Is there action that should be taken to ensure the best possible future?
Flückiger: Some of the actions to help maintaining the openness is to maintain in those organizations which develop the technology, essentially the IETF, the initial spirit of openness and the initial spirit of trying as far as possible to resist the industrial pressures. It is natural, it is just normal that a company tries to lobby the evolution of the technology for their interest. This is what the company is for. But above that, there is the interest of the society at large. So, maintaining in structures like the IETF, which developed the technology, this open spirit where we try and minimize those influences to keep developing technology which is for the benefit of all and not for the benefit of one particular company is essential, and this is what I believe will maintain a full openness in the future.
Intertitle: Is there anything else you would like to add?
Flückiger: I remember October ’88, there was a second meeting of a complicated committe called CCIRN, Coordinating Committee for Intercontinental Research Networking. It was held in West Virginia. And there was a few Europeans. I was representing CERN, my organization, with a few of us. And at the end of the meeting, which was focused on how to deploy the Internet, our American colleagues, led by Vint Cerf, told us, “Look, guys from Europe, if you are interested in the Internet, you should try and set up a structure to allocate the IP addresses yourself. Because we keep doing that for you. So if you are serious with the Internet, try and do that in Europe.”
I returned to CERN in Geneva, and two months later I called a meeting. And there was a handful of people, but very motivated people, who answered. Six people in total. Rob Blockzijl and Daniel Karrenberg from Amsterdam, Mats Brunel from Sweden, Enzo Valente from Italy, Olivier Martin and myself from CERN. We gathered in a small barrack at CERN on a rainy day and then we decided that we needed to set up the structure. In the middle of the afternoon, in the middle of the meeting, Daniel Karrenberg proposed a name for that structure. He called it RIPE. It was a French acronym: Réseaux IP Européens. And this is a structure which till now allocates IP addresses in Europe and part of the world as well. So, it’s a small anecdote that tells what a handful of people motivated and willing to do things can achieve.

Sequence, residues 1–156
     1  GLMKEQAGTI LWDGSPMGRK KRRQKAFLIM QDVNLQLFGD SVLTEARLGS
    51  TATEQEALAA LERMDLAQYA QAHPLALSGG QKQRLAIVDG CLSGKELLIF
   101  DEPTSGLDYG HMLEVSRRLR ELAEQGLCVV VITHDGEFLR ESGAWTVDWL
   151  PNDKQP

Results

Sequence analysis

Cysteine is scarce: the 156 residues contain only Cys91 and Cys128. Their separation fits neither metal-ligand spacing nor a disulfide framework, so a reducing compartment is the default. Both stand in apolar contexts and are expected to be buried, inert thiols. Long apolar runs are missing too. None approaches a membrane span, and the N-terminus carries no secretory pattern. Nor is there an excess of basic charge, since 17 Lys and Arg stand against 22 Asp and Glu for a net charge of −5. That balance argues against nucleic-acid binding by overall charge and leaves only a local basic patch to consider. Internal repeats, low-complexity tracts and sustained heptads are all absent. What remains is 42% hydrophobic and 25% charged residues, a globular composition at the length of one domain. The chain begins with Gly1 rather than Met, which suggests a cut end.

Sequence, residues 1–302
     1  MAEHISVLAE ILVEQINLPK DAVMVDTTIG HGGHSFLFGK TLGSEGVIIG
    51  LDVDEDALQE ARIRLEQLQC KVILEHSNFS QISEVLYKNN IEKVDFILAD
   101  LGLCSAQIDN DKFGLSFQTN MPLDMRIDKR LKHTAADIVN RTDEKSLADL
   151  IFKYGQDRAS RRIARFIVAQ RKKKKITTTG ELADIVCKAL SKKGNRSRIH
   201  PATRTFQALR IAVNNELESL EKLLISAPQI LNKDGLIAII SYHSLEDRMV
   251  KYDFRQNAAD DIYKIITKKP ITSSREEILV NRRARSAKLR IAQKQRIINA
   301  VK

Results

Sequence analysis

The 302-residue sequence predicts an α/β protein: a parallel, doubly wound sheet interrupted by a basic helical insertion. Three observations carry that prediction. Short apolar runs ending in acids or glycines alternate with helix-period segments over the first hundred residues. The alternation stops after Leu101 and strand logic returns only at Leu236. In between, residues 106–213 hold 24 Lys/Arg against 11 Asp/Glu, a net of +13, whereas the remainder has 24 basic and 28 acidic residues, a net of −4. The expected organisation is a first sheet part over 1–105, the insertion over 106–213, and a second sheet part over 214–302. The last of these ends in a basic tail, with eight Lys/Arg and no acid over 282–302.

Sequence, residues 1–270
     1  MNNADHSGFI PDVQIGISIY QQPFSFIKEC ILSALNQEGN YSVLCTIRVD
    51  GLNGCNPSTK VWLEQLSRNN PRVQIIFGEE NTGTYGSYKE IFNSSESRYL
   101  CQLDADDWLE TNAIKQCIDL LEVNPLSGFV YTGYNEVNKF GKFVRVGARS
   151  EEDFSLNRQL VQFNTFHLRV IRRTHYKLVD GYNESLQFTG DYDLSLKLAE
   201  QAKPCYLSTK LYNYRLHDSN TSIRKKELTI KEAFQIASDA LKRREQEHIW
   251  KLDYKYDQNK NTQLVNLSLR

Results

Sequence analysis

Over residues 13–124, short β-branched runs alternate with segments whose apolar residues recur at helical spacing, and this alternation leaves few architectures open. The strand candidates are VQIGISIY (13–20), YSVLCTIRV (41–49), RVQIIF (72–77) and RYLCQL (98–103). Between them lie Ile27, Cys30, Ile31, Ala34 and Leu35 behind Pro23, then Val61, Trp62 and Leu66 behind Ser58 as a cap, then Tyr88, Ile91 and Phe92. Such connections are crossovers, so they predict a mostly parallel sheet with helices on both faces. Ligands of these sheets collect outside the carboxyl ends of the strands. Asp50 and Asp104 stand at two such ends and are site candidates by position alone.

Six months after this meeting, Rob Blockzijl organized the first forum for RIPE in Amsterdam, and a couple of months later Daniel Karrenberg created the RIPE Network Coordinating Center, which is still doing the job of allocating resources for Internet in Europe and part of the world.
I believe that if talking about one of the main threats, which is the fact that the Internet has become a sort of vehicle for governments, or means for governments violating privacy of citizens and individuals, all means to denounce and to fight that are good. So this can be done via collective actions, and a handful of people can gather together to hack together—you are stronger if you act together. But not forgetting that sometimes, very influential individuals making their voice alone, and their voice not being diluted in a group may have also a strong effect. So I believe that the most influential people, the most well-known people in the Internet are welcome to denounce and to make their voice against the lack of privacy and the risks that the governments now are making, as well as groups, individuals, can gather together—and also through organizations. The Internet Society, ISOC, is one of those big group vehicles that can channel those messages. There is privacy. There is freedom. And this too must be respected as well, even though everyone understands the need to protect society and maybe some compromises need to be done here and there, but at least that we know what is being done with our data and in particular with our private data.
François Flückiger profile, Internet Hall of Fame 2013